Document Detail

Hypoxic alligator embryos: Chronic hypoxia, catecholamine levels and autonomic responses of in ovo alligators.
MedLine Citation:
PMID:  21798363     Owner:  NLM     Status:  Publisher    
Hypoxia is a naturally occurring environmental challenge for embryonic reptiles, and this is the first study to investigate the impact of chronic hypoxia on the in ovo development of autonomic cardiovascular regulation and circulating catecholamine levels in a reptile. We measured heart rate (f(H)) and chorioallantoic arterial blood pressure (MAP) in normoxic ('N21') and hypoxic-incubated ('H10'; 10% O(2)) American alligator embryos (Alligator mississippiensis) at 70, 80 and 90% of development. Embryonic alligator responses to adrenergic blockade with propranolol and phentolamine were very similar to previously reported responses of embryonic chicken, and demonstrated that embryonic alligator has α and β-adrenergic tone over the final third of development. However, adrenergic tone originates entirely from circulating catecholamines and is not altered by chronic hypoxic incubation, as neither cholinergic blockade with atropine nor ganglionic blockade with hexamethonium altered baseline cardiovascular variables in N21 or H10 embryos. In addition, both atropine and hexamethonium injection did not alter the generally depressive effects of acute hypoxia - bradycardia and hypotension. However, H10 embryos showed significantly higher levels of noradrenaline and adrenaline at 70% of development, as well as higher noradrenaline at 80% of development, suggesting that circulating catecholamines reach maximal levels earlier in incubation for H10 embryos, compared to N21 embryos. Chronically elevated levels of catecholamines may alter the normal balance between α and β-adrenoreceptors in H10 alligator embryos, causing chronic bradycardia and hypotension of H10 embryos measured in normoxia.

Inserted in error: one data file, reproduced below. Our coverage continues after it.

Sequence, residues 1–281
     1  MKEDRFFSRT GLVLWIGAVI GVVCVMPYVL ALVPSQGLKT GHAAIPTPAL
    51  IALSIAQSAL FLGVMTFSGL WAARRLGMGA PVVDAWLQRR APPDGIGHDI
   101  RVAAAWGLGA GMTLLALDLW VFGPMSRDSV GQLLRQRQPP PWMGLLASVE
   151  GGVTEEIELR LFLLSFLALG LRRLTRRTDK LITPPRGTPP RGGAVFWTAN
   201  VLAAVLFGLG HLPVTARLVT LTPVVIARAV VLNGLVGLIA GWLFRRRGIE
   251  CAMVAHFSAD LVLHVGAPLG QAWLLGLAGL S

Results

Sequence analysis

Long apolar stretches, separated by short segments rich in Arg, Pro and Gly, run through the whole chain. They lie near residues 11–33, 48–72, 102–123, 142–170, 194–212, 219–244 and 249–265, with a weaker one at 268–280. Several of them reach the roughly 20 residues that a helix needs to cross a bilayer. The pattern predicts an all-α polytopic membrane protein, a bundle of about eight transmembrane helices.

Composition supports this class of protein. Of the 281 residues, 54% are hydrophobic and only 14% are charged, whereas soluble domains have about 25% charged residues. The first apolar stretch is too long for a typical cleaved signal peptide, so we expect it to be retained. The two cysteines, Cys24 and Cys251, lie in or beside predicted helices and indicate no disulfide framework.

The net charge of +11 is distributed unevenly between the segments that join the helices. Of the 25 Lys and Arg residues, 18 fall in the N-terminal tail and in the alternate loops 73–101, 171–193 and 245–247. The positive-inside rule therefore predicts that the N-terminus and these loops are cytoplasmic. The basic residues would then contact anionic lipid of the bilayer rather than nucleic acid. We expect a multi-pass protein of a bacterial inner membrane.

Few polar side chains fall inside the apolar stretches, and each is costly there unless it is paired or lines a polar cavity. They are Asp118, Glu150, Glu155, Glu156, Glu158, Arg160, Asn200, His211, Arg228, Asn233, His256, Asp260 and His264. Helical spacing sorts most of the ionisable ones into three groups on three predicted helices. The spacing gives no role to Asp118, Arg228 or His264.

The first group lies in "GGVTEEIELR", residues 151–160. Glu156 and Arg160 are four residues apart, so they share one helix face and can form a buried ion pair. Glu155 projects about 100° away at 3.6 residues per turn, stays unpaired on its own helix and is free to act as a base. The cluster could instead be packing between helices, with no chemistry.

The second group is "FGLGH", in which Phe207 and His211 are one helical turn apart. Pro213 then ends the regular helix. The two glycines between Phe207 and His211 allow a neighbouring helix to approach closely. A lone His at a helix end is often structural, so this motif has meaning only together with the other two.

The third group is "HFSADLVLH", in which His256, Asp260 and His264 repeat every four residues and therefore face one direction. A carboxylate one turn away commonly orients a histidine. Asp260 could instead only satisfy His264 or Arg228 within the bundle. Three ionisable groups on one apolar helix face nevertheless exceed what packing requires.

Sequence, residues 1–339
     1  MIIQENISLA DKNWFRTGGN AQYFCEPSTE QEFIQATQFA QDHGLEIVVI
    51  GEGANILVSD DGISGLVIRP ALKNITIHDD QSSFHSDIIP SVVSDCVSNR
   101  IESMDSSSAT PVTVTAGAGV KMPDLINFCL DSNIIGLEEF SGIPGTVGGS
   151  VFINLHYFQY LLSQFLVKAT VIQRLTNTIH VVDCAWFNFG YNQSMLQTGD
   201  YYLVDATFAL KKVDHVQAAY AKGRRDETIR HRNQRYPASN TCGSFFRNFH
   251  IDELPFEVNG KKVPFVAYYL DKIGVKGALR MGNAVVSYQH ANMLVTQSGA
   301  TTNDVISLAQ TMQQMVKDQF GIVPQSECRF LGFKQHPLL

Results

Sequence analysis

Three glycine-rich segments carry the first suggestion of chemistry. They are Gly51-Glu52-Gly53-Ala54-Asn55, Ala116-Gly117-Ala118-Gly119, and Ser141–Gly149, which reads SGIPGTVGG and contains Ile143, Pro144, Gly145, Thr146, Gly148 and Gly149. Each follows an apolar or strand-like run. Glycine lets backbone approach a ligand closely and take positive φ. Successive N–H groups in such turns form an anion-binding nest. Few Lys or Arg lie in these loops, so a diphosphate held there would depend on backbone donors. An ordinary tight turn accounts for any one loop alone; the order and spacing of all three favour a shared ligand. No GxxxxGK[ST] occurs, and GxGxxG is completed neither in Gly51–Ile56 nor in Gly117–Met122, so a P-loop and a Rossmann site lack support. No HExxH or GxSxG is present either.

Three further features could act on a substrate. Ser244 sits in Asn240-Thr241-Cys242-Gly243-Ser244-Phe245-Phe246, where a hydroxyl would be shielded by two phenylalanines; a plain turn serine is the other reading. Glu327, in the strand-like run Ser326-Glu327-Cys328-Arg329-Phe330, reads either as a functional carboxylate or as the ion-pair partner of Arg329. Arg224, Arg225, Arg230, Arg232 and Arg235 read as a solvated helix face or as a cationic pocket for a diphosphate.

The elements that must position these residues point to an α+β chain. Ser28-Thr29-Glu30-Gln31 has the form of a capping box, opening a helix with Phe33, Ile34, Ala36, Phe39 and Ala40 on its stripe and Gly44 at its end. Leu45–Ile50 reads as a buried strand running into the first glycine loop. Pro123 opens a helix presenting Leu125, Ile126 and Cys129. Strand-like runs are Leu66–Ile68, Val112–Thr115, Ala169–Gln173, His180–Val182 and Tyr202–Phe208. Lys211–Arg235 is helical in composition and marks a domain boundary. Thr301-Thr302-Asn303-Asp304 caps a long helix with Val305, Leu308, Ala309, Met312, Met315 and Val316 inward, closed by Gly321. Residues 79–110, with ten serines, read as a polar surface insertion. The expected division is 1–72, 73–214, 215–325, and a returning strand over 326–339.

John Eme; Jordi Altimiras; James W Hicks; Dane A Crossley
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Publication Detail:
Type:  JOURNAL ARTICLE     Date:  2011-7-23
Journal Detail:
Title:  Comparative biochemistry and physiology. Part A, Molecular & integrative physiology     Volume:  -     ISSN:  1531-4332     ISO Abbreviation:  -     Publication Date:  2011 Jul 
Date Detail:
Created Date:  2011-7-29     Completed Date:  -     Revised Date:  -    
Medline Journal Info:
Nlm Unique ID:  9806096     Medline TA:  Comp Biochem Physiol A Mol Integr Physiol     Country:  -    
Other Details:
Languages:  ENG     Pagination:  -     Citation Subset:  -    
Copyright Information:
Copyright © 2011. Published by Elsevier Inc.
Department of Biological Sciences, University of North Texas, Denton, TX 76203, USA.
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